Stalin’s big-fleet program was driven by the slogan “catch up and overtake” [dognat i peregnat] (i.e., the West), a common phrase during the forced industrialization of the early Soviet era. The decision to build big warships, battleships, and cruisers was, finally, Stalin’s own. Dissatisfied with his fleet commanders, whose wishes were bound to be divergent, he provided his own answer, in favor of big ships. Russian naval experts had time after time demonstrated that these big ships were ill suited to the shallow waters and short distances of the Baltic and Black Seas. Furthermore, big fleets could not resolve Russia’s fundamental geographic and strategic problems. How could a great power with the largest landmass in the world and four separated sea frontiers hope to protect enormously long maritime frontiers without allies and to exercise Weltpolitik at the same time?

Stalin seems to have fallen into much the same trap that his tsarist predecessors tried to avoid after Tsushima. The big-fleet program was marred by its lack of a clear strategic purpose, except to serve Stalin’s megalomania to use it (prior to the arrival of the nuclear deterrent) as the ultimate military arbiter. Admiral Kuznetsov later recalled that toward the end of 1939 he once asked Stalin, in a moment when the dictator seemed to be in a good mood, how he planned to use the big ships under construction, particularly in the shallow Baltic Sea, which could be easily mined, and when Germany had ceased to be the main adversary. Stalin angrily replied: “We shall build them even if we had to scramble the last penny!” “Thus ended the conversation about battleships,” Kuznetsov has commented drily, “whose construction was already going full speed ahead, while I as a Navy Minister was still not quite clear in my head why they were being built at all!”87

After the Soviet victory in 1945, incredibly, Stalin resumed his dream of acquiring an oceangoing fleet but found that the acquisition of battleships from abroad was even more troublesome than before the war. Stalin, who still refused to have aircraft carriers, decided to settle for heavy (battle) cruisers, which became the focus of his fantasy in the last three years of his life. The resulting Stalingrad battle cruiser, however, was never to be completed. When Stalin died, Stalingrad died with him. The construction of cruisers, however—the launching of the Kirov class in 1936, to which the Chapaev class was added after the war—went ahead under full steam. It continued even after Stalin’s death in 1953 through the Sverdlov class, the most accomplished Soviet cruiser, of which half out of the originally planned twenty-four hulls were completed by 1960. Thereafter the Soviet Union took a different course as a naval power, relying more on nuclear submarines with fast missile boats. Strategically too the world geopolitical map changed radically after World War II. The superpower rivalry between the United States and the USSR meant that the small and technologically inadequate Soviet navy had to face global tasks on the world oceans while still confronted with the old limitations in its regional waters. However, all of the Soviet navy’s former rivals, including the Germans, the Italians, and above all the Japanese, were no longer threats after 1945. The lack of hostile neighboring naval powers made the gradual resurgence of Soviet seapower possible.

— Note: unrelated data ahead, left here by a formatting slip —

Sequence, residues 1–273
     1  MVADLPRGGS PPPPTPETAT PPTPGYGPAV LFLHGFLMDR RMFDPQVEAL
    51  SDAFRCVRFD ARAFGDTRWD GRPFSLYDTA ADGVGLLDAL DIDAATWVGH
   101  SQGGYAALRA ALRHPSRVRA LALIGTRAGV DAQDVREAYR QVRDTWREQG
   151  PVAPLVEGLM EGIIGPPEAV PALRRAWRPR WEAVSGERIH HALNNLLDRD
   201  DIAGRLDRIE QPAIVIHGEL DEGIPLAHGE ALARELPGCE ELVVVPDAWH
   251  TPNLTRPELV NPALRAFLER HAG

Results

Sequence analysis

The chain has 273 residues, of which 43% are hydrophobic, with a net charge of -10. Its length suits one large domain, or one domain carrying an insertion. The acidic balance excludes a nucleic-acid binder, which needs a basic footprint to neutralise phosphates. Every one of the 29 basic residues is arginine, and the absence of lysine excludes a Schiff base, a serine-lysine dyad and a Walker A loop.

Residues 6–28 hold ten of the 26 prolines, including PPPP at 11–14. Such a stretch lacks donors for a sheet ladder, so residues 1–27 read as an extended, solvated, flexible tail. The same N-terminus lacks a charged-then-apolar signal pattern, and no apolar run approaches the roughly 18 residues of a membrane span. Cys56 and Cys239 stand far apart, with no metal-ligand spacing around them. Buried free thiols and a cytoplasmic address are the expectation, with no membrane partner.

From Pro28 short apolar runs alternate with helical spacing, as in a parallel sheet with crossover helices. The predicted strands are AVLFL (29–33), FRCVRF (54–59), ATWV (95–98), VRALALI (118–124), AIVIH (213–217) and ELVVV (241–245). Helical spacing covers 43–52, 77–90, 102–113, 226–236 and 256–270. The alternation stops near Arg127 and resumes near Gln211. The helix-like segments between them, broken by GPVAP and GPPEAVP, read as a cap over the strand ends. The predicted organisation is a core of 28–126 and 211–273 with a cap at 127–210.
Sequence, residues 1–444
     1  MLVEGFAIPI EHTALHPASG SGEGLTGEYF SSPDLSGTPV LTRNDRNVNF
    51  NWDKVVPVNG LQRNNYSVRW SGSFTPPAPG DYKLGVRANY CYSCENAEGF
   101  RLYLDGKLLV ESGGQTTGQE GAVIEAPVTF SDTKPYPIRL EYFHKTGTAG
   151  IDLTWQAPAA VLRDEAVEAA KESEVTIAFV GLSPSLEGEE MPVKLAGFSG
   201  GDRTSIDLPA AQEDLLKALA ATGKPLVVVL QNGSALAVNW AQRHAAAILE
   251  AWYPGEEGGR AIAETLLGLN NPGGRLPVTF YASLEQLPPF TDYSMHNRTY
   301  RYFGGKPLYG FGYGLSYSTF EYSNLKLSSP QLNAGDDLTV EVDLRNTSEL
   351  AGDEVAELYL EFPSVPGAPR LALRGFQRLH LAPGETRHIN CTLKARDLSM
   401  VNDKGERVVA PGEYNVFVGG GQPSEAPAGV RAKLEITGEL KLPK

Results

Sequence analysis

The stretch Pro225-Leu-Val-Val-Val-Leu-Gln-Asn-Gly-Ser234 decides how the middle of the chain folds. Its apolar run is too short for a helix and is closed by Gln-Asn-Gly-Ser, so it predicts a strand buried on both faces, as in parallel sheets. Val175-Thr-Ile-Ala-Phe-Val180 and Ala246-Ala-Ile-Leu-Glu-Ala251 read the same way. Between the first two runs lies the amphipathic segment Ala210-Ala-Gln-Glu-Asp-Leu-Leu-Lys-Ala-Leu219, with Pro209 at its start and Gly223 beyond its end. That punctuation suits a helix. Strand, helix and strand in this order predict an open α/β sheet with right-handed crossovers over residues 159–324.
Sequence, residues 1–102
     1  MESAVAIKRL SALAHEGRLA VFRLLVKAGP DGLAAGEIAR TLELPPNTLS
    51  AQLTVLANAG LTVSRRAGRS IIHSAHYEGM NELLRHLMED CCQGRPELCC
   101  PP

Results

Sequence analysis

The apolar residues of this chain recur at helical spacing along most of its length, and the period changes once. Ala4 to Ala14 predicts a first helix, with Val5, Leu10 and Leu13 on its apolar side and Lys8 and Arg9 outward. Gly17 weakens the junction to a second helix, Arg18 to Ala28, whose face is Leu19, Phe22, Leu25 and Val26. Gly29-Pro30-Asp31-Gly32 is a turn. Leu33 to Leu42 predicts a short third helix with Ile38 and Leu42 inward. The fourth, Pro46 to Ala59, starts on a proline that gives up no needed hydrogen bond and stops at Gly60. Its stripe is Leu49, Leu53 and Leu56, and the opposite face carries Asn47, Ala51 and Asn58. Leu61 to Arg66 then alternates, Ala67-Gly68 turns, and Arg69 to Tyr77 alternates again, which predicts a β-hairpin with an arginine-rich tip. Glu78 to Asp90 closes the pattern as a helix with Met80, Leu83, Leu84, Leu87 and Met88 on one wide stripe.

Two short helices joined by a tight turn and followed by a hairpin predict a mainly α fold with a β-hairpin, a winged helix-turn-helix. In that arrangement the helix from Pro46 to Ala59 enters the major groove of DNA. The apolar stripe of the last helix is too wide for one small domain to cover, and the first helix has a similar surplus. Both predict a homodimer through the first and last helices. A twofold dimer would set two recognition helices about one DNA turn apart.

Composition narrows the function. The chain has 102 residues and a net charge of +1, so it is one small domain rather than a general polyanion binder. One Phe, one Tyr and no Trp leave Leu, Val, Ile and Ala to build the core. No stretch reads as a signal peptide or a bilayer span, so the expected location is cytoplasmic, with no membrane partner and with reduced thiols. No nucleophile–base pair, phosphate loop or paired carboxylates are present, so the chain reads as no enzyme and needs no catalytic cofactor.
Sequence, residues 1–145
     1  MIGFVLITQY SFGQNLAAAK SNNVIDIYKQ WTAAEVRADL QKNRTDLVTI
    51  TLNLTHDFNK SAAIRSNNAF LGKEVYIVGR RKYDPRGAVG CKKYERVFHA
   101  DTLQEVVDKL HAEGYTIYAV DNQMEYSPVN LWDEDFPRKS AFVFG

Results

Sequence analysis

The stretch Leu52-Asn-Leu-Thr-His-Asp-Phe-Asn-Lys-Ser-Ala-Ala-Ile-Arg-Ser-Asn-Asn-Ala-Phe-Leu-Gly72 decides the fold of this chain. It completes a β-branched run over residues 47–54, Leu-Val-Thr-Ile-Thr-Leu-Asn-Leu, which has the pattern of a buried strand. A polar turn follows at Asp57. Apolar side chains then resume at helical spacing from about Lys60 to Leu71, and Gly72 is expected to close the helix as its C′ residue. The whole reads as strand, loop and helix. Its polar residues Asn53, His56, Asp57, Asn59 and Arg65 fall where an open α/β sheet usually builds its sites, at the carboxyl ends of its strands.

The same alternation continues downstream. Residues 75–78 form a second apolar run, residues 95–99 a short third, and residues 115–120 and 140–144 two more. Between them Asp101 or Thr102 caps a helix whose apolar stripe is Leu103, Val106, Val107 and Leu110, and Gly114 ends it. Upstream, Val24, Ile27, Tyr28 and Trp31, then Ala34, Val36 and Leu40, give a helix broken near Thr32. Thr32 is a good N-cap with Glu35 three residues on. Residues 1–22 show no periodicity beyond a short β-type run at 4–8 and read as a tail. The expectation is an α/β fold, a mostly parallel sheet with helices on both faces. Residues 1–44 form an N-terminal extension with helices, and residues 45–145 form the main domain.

While the Soviet Union’s strategic dilemma regarding the closed Black Sea remained the same, the USSR acquired two large ice-free naval bases, Kaliningrad (ex-Koenigsberg) in the Baltic and Port Arthur in the Far East. However, when measured against the superior NATO and U.S. naval power in the Mediterranean, the Atlantic, and the Pacific, these Soviet gains were only marginal, not revolutionary improvements in the global strategic constellation. The idea of a big fleet had to be abandoned and replaced by a strategy based on smaller warships, harassing enemy shipping, and securing command of the sea by other means.

Thus in 1946, instead of a battle fleet of twenty-four new battleships and battle cruisers able to challenge capitalist navies throughout the world, the postwar Soviet navy had only its two old and several-times-refloated ex-tsarist dreadnoughts in the Baltic, one leased Royal Navy battleship of the same age in the Northern Fleet, and two more dreadnoughts in the Black Sea, consisting of one ex-tsarist and one ex-Italian war-reparation battleship. It had no battleships in the Pacific Fleet at all.

However, Stalin’s successors wisely abandoned the urge to possess huge and expensive capital ships for showing the red flag abroad. Nikita S. Khrushchev even denigrated his own flagship during a 1959 trip to the United States “as good only for state visits and . . . as a missile target!” and announced that the remaining cruisers under construction were to be scrapped.88 This casual dismissal of the Soviet flagship was indeed the death knell of Stalin’s big-fleet program—but not yet the end of the Red Navy itself. One could consider the launching of Sputnik in 1957 to be the new watershed in the development of the Soviet navy. The new leaders of the Soviet Union, while challenging the American superpower, looked to space, not the sea.

Under the leadership of Admiral Sergei Gorshkov, Kuznetsov’s successor, the Soviet navy would undergo a remarkable metamorphosis, combined with a radical modernization and expansion program. During the 1970s, the Soviets achieved a close parity with the U.S. Navy and in some categories—like submarines and small missile-carrying boats—even gained the upper hand. In 1972, Norman Polmar, the foremost U.S. authority on the Soviet navy, stated that “today the Soviet Union can boast the world’s largest and most modern surface navy; the largest and most modern ocean research and fishing fleets.”89